The Nightingale – Adelaide Film Festival Review

In 2014 Jennifer Kent’s The Babadook was released. The ultra-creepy Australian film was her first feature and it was the highest of quality. The film won a host of awards as did the director. It’s a hard film for any director to follow up. Bring on October 2018 and Jennifer’s second feature film The Nightingale has just had its Australian Premiere at the Adelaide Film Festival.

Set in the early 1800’s the film centres on Clare, a young Irish convict whom is waiting on her freedom from a British officer, Hawkins, so her and her husband Aidan and their son can finally put the past behind them and move on with their lives. The British officer that can grant Clare her freedom is obsessed with her beauty. This causes tension between the young Irish family, and after an extremely violent confrontation Clare is left for dead. Upon coming to terms with the events, a recovered Clare hires a young Aboriginal tracker, Billy, whom has a tragic past of his own, to help her track down those that harmed her.

Clare is portrayed by Aisling Franciosi and she is great in the role. Her character transforms from confident, independent convict on the way to freedom to a completely broken, yet determined woman and Aisling displays this perfectly. Whether it’s confidently standing up for herself against a group of drunk soldiers or breaking down in tears on the forest floor, Aisling does it all. She displays anger, compassion, and empathy and really makes the performance her own.

Aiden is played by Michael Sheasby who is stellar. He is absolutely determined to free his wife from the clutches of the British officer Hawkins and his frustration and torture shows. At the same time he is able to believably show his love for his family.

Baykali Ganambarr is Billy. He is a force. His performance is great, and it earned him the Marcello Mastroianni Award for best young actor/actress at the Venice Film Festival. Billy is also broken, he was stolen from his family to be treated like a dog. His distrust for Clare shows but his commitment to his word is also prevalent to him. Clare and Billy share a very complicated relationship. Two people that, essentially, hate each other are forced to work together but it is not always like this. As Clare and Billy venture further into the wilderness to get their targets their relationship deepens. A trust begins to form, and the pair are able to bond over their tragic experiences. It is a joy to watch the characters develop together, to begin to care for one another when caring for nothing in the beginning.

Sam Claflin plays British officer Hawkins and he is a great villain. He is a complete menace, not only to Clare but to his own regiment. Determined to be promoted he will stop at almost nothing to get what he wants. Long time character actor Damon Herriman is also a part of the fray as British officer Ruse. He is also a tormentor of Clare’s and he also make for a great villain. He is a complete psychopath and yet, also a complete coward when it comes to Hawkins.

The violence in the film is a is something that will leave viewers stunned. During the premiere many people were in complete shock over what they saw, me included at times. But realistically, the only real reason it is an issue is because it is an Australian film – we are not used to seeing such shocking scenes thrust upon us in Australian movies. The film is not shy on bringing in historically accurate content either – Aboriginal people chained, massacred and decapitated is displayed on screen and while people were again shocked at these scenes, if they read a bit more about Australia’s shocking treatment of Aboriginal people during colonial times (not that it’s all better now), they would be even more so. No stone is left unturned though, every demographic is affected by violence here – take that as a warning if you have a weak stomach.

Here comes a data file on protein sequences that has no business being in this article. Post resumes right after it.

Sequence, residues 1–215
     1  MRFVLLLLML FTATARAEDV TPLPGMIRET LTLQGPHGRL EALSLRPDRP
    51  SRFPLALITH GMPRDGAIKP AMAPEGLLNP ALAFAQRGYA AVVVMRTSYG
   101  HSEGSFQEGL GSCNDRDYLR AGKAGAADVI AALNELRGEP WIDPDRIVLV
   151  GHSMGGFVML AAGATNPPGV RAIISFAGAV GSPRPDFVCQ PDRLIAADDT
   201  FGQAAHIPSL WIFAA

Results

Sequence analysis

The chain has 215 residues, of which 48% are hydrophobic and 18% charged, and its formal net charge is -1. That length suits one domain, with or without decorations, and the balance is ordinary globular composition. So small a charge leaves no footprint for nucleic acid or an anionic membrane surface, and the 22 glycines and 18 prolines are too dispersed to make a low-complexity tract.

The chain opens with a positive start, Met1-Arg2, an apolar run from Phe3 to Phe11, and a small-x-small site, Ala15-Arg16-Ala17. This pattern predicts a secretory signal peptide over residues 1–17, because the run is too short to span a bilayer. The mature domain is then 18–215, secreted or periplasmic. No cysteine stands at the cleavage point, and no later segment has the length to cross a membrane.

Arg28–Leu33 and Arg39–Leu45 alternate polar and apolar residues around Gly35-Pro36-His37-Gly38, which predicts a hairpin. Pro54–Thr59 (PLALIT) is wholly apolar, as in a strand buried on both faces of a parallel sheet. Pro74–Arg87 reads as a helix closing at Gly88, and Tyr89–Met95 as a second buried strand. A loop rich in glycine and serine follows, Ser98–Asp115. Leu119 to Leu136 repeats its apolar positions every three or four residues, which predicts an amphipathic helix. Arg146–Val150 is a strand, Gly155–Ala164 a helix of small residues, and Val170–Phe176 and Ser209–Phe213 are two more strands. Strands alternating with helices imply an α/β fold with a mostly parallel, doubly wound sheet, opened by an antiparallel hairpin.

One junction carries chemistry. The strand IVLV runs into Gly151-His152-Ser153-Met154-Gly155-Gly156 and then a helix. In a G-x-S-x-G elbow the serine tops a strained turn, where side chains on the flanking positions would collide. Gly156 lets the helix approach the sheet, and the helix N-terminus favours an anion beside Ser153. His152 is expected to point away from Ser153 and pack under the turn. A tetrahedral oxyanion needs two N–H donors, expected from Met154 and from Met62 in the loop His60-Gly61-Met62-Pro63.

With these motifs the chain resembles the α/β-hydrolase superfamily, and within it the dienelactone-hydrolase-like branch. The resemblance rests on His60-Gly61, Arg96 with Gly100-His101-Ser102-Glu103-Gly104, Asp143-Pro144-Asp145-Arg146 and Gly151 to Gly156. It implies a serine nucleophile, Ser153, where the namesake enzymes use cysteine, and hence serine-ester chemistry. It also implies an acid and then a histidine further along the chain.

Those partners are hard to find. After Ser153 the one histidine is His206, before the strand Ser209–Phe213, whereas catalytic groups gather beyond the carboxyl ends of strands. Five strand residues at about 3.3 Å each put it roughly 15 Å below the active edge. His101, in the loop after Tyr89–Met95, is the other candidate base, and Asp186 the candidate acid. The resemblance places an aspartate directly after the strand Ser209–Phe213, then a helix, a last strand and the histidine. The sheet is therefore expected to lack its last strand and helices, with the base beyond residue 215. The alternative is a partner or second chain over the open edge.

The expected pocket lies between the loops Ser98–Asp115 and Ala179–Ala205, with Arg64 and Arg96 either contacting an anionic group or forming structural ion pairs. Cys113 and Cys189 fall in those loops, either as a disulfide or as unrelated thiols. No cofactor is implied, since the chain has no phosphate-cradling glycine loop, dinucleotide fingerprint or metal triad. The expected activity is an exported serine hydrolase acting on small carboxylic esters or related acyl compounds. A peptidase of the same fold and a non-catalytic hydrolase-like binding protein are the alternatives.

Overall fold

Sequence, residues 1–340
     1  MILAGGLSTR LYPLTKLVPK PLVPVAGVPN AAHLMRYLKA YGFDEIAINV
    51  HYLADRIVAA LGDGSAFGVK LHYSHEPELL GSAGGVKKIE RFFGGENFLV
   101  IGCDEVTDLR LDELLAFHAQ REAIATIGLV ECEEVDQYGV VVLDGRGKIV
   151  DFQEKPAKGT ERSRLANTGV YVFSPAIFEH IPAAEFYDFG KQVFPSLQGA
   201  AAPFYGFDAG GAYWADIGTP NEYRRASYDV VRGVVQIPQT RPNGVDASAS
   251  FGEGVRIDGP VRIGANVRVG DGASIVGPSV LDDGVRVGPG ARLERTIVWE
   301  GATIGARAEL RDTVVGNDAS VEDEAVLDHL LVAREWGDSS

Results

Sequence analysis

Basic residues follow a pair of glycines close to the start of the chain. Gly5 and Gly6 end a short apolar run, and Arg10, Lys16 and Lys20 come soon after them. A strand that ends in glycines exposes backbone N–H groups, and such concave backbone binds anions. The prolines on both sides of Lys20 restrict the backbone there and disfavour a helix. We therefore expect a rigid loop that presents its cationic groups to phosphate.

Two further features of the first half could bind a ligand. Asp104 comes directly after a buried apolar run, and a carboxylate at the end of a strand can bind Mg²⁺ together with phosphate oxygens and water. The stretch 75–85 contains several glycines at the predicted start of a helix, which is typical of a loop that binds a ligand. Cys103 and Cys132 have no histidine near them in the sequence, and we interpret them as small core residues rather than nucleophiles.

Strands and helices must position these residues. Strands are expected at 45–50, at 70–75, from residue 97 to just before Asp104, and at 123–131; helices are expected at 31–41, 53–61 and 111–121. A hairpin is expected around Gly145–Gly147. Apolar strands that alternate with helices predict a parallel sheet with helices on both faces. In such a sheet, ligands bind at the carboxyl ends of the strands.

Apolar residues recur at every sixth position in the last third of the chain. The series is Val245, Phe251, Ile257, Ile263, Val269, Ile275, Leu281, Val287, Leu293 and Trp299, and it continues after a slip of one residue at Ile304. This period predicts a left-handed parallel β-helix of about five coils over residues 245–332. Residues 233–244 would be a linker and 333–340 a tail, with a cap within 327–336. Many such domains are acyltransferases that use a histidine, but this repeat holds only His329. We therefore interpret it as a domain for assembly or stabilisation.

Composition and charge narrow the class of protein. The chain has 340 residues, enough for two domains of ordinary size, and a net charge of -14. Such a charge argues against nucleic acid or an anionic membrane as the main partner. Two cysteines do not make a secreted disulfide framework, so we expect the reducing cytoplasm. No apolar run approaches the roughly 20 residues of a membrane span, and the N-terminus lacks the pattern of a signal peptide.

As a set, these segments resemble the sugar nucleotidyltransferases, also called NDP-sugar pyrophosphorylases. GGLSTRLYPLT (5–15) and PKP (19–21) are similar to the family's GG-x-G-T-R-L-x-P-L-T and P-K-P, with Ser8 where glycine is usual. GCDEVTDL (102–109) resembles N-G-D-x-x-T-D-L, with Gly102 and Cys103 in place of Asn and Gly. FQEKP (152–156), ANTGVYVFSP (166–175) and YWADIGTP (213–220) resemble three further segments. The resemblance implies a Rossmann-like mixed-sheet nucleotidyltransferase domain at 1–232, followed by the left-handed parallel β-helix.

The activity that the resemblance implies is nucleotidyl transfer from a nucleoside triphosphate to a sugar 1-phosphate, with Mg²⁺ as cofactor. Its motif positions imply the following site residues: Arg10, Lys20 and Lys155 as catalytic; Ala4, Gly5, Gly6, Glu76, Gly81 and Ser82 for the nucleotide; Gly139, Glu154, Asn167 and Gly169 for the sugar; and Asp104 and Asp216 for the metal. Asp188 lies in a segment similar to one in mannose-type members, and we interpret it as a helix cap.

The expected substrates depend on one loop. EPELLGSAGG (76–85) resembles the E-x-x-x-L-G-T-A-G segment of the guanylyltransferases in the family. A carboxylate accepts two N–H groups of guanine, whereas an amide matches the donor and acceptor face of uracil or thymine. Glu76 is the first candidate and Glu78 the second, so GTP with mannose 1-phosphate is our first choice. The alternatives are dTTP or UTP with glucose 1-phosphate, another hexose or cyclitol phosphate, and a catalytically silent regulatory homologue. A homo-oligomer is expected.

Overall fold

It really is an exciting time for Australian cinema – with more and more risky films being made. Not long ago you would be hard pressed to find a film that demonstrates what colonisation did to Aboriginal people, but in the last few years several have been released.

The cinematography is also beautiful. Shot in Tasmania you couldn’t ask for more beautiful scenery. Radek Ladczuk, who also did the cinematography on The Babadook has done an absolutely phenomenal job here. Writer/director Jennifer Kent has put together an amazing film. A tale of not only revenge, but also healing and it is absolutely beautiful to watch. With her ability to be completely uncompromising in what she wants to portray I really look forward to her next entry. May it be bigger and bolder.

Director: Jennifer Kent
Cast: Aisling Franciosi, Baykali Ganambarr, Sam Claflin
Writer: Jennifer Kent

Travis Akbar

Travis grew up on the west coast of South Australia and has been interested in film since seeing Jurassic Park and Predator for the first time in the mid-nineties. Particularly fond of the action and thriller genres, he met his long-time idol, Jean Claude Van Damme, in 2016, talking with 'the muscles from Brussels' about his upcoming films and the hurdles he has faced in the entertainment industry. Some of his favourite films include Jurassic Park, The Salton Sea, Apt Pupil and Any Given Sunday. Travis loves the way a film can make people feel such a diverse range of emotions, from excitement and happiness to fear and sadness. He believes that creativity is what helps the world evolve and that the arts, is the centre of creativity.

Liked it? Take a second to support The Curb on Patreon
Become a patron at Patreon!